MYSIA. Lampsakos. Circa 350 BC. Stater (Gold, 17 mm, 7.90 g, 3 h), reduced Persian standard. Laureate and bearded head of Zeus to left, with lotus-tipped scepter over his right shoulder. Rev. Forepart of Pegasos to right. Baldwin, Lampsakos, 29c and pl. II, 32-33 (I/β). Gulbenkian 691 ( same dies ). SNG Paris 1137. SNG von Aulock 7394. Traité II, pl. CLXXI, 3. Rare. A magnificent example of splendid late Classical style, beautifully struck in high relief and with a particularly noble and serene head of Zeus. A few light marks on the reverse, otherwise, extremely fine.
From the Kleinkunst Collection, ex Sotheby's, 3-4 October 1991, 37 and from the collection of a 'late collector' (Baron Ferdinand de Rothschild, 1839-1898, or Baron Edmond Rothschild, 1845-1934), Sotheby's, 28-31 May 1900, 325 (sold for 74 £).
Lampsakos grew rich through sea trade, but its strategic location on the eastern entrance to the Hellespont also made it an attractive target for the major powers of the Classical and Hellenistic time, in particular Athens, Sparta, Persia and the Diadochi, all of which strove for control of the strait. Short periods of independence hence alternated with long years of foreign hegemony, a fate the city shared with many of its neighbors. What sets Lampsakos apart from other poleis of the area is its electrum and gold coinage. Most Greek cities rarely ever issued civic coins in electrum or gold, and if they did, it was usually in response to an imminent crisis that involved melting down treasuries. Lampsakos, on the other hand, struck a substantial amount of such coinage, consisting of a series of early electrum staters in the late 6th to 5th centuries and a wonderful run of gold staters in the 4th century BC. The long time span and the great variety of types reveal that this was a regular coinage, as in Kyzikos, although the fact that the later series was struck in gold rather than in electrum indicates a slightly different background. Lampsakos possessed its own gold mines and its 4th century staters were generally struck at par to the Persian darics of 8.3-8.45 g, the dominant gold coinage of the time. At least a small series of Lampsakenan staters was, however, as this example shows, struck to a reduced weight standard of circa 7.90 g (see also NAC 100, 29 May 2017, 150 ( same dies )), perhaps in response to a temporary shortage in bullion, as the same pair of dies was also used to strike staters on the full Persian standard.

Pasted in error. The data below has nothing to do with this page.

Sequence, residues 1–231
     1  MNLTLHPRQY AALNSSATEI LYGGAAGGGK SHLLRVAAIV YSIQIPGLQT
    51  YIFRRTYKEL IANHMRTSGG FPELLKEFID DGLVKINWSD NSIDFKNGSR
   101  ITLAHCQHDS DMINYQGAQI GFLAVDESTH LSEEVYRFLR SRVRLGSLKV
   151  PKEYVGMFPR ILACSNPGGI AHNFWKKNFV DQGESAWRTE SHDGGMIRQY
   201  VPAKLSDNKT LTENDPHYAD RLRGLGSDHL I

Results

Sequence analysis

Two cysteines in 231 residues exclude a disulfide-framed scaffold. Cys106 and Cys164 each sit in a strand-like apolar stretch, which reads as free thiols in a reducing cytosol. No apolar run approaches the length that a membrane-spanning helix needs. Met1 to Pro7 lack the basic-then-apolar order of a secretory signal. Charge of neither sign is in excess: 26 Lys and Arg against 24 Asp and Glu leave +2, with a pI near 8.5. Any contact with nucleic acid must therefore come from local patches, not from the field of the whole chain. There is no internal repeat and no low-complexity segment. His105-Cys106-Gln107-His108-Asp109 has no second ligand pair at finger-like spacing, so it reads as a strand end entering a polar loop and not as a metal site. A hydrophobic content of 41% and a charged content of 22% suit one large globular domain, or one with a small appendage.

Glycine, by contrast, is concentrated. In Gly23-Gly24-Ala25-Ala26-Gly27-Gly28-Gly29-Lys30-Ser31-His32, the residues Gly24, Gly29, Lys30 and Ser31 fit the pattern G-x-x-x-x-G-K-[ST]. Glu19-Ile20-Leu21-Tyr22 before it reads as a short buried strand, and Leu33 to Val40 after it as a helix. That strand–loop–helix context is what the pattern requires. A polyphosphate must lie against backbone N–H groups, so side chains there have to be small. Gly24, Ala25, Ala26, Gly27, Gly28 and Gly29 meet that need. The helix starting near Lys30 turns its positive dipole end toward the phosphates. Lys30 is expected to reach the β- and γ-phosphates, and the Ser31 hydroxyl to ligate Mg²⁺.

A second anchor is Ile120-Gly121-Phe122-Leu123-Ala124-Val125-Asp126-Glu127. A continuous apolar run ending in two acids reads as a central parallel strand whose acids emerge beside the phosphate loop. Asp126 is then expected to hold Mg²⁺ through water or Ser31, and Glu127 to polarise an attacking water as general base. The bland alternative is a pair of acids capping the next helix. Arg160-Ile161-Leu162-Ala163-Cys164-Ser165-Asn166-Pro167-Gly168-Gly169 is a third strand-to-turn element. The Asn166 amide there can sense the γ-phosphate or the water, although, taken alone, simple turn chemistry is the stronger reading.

That the Lampsakenan staters were used for military expenditures and 'international' payments, much like the Persian darics, is confirmed by two inscriptions recording the contribution of 84 and 500 χρουσίω Λαμψακανῶ στ̣[ατεῖρας] ('Lampsakenan gold staters', IG VII 2418) by Byzantion to Thebes during the Third Sacred War (355-346 BC). These numbers seem impressive at first glance, but the fact that Baldwin only recorded a mere 132 examples of all types amply shows that the staters of Lampsakos were a regional coinage and could not compete with the Persian darics on a grand scale, of which thousands have survived. On the other hand, the artistry displayed on the Lampsakenan dies is exceptional and the Zeus staters in particular are stunningly beautiful, with Agnes Baldwin enthusiastically commenting on this particular obverse die, the first in the series, as follows: 'we have among the obverses one die which is a most perfect die, artistically one of the finest representations of a Zeus head on this scale among Greek coins'.
|Price realized||42'000 CHF|
|Starting price||28'000 CHF|